14. The system of claim 12, wherein the communication parameters include at least one communication channel, where a communication channel may be
email;
SMS;
instant messaging;
a proprietary message service;
telephone service; or
facsimile.
15. The system of claim 12, further including instructions that cause the processor to:
analyze whether the query portion requires information from a source remote from the system;
upon concluding that the query portion does require information from a remote source,
open a communication channel to the remote source;
create a subsidiary query to obtain the information required;
submit the subsidiary query to the remote source;
receive an answer to the subsidiary query from the remote source;
compose the answer to the query from the answer to the subsidiary query; and
upon concluding that the query portion does not require information from a remote source, analyze and answer the query locally.
16. The system of claim 12, wherein the instructions that cause the processor to identify communication parameters further includes instructions that cause the processor to:
identify communication parameters expressly set out in the communication portion;
supply communication parameters not set out in the communication portion from preset preferences; and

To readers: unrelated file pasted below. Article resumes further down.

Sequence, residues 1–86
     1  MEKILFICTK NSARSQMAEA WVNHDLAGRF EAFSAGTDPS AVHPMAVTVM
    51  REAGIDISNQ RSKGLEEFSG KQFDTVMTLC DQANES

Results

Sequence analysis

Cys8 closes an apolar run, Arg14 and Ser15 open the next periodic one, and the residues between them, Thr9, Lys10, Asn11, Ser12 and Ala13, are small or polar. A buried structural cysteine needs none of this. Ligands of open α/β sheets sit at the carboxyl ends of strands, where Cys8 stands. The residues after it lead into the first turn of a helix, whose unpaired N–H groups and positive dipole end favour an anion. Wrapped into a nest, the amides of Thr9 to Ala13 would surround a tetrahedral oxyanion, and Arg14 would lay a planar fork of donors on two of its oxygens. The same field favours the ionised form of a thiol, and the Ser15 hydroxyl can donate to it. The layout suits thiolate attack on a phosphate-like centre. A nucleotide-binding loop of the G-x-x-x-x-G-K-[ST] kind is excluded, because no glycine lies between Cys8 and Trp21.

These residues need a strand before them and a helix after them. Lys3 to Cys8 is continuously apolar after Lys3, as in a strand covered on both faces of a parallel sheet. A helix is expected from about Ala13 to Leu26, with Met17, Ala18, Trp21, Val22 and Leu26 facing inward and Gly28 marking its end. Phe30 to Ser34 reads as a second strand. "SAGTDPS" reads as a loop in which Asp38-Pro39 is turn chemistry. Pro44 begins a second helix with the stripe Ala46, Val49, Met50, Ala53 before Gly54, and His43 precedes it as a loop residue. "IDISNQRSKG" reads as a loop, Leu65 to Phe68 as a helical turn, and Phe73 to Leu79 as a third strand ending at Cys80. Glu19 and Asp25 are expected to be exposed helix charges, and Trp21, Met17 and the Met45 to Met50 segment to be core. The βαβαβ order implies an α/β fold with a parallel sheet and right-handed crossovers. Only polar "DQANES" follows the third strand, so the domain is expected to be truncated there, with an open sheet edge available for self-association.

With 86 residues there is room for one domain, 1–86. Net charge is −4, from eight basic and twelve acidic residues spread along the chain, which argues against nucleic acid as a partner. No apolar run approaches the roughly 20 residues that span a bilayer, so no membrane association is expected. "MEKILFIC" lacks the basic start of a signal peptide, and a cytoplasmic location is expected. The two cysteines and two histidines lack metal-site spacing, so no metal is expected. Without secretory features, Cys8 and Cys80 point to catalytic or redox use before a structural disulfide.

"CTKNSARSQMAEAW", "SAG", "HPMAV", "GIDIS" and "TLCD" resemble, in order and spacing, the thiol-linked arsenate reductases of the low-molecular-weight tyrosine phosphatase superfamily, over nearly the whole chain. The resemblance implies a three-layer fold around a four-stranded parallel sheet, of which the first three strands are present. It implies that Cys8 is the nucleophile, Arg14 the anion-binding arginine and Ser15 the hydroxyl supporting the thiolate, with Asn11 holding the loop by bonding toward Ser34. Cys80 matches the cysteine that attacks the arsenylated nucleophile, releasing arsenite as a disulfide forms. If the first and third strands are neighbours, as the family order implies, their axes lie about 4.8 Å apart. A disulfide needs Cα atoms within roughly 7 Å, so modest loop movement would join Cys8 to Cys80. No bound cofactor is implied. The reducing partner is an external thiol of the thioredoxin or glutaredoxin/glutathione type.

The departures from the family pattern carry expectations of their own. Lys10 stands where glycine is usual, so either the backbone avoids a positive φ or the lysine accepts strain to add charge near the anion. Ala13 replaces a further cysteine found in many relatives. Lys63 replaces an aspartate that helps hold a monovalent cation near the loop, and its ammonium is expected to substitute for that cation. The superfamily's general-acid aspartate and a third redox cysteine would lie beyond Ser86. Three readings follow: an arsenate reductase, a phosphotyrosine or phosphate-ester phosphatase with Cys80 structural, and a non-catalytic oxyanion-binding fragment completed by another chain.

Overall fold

provide an alert upon determining that a required communication parameter is neither expressly set out in the communication portion nor contained in preset preferences.
Beschreibung
TECHNICAL FIELD

Broadly, the presently disclosed embodiments relate to speech recognition systems, and more particularly to speech recognition systems capable of analyzing and processing natural language inputs.

BACKGROUND

It is axiomatic that computers do what one commands them to do, not what one wants them to do. In the early days of computer science, programmers were required to expressly command every change of state that occurred during execution of the program, in language directly understandable by the machine. In those days, interactive user interfaces did not exist; users simply provided data for processing and received results. The development of high-level programming, in which commands were expressed in more or less descriptive terms, proceeded in parallel with the introduction of interactive systems where users communicated with the computer during operation of the program.

At first, user interaction was highly constrained. Uses were allowed to choose among varieties of options, but the system presented the allowable choices. Introduction of intuitive user input devices, such as the mouse and the touchpad provided greater user flexibility, but the user was still limited to inputs that the computer could easily recognize.

Speech recognition systems offer the possibility of free-form user interaction with a computer system, but the complexity of human language has proved a formidable obstacle to the implementation of true natural language commands. The common experience of attempting to deal with speech recognition systems used by various dial-up customer service operations easily demonstrates the distance yet to be traversed before achieving true natural language control of computer systems. Existing technology available to the art can provide systems capable of accepting a number of vocal commands from a user, but those commands must be carefully defined, and for optimum success, training may be required before a computer system can consistently recognize commands.